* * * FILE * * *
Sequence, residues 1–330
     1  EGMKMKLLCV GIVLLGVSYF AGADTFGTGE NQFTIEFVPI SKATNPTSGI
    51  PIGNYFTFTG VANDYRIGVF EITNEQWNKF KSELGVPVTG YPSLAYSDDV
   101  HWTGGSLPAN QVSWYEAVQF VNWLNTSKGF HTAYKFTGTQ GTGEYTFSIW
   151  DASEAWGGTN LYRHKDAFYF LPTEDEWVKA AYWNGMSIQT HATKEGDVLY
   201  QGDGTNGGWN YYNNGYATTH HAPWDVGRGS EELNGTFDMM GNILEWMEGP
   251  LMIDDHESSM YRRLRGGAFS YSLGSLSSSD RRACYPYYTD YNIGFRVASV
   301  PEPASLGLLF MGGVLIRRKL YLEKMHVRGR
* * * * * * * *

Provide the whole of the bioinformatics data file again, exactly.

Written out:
Sequence, residues 1–330
     1  EGMKMKLLCV GIVLLGVSYF AGADTFGTGE NQFTIEFVPI SKATNPTSGI
    51  PIGNYFTFTG VANDYRIGVF EITNEQWNKF KSELGVPVTG YPSLAYSDDV
   101  HWTGGSLPAN QVSWYEAVQF VNWLNTSKGF HTAYKFTGTQ GTGEYTFSIW
   151  DASEAWGGTN LYRHKDAFYF LPTEDEWVKA AYWNGMSIQT HATKEGDVLY
   201  QGDGTNGGWN YYNNGYATTH HAPWDVGRGS EELNGTFDMM GNILEWMEGP
   251  LMIDDHESSM YRRLRGGAFS YSLGSLSSSD RRACYPYYTD YNIGFRVASV
   301  PEPASLGLLF MGGVLIRRKL YLEKMHVRGR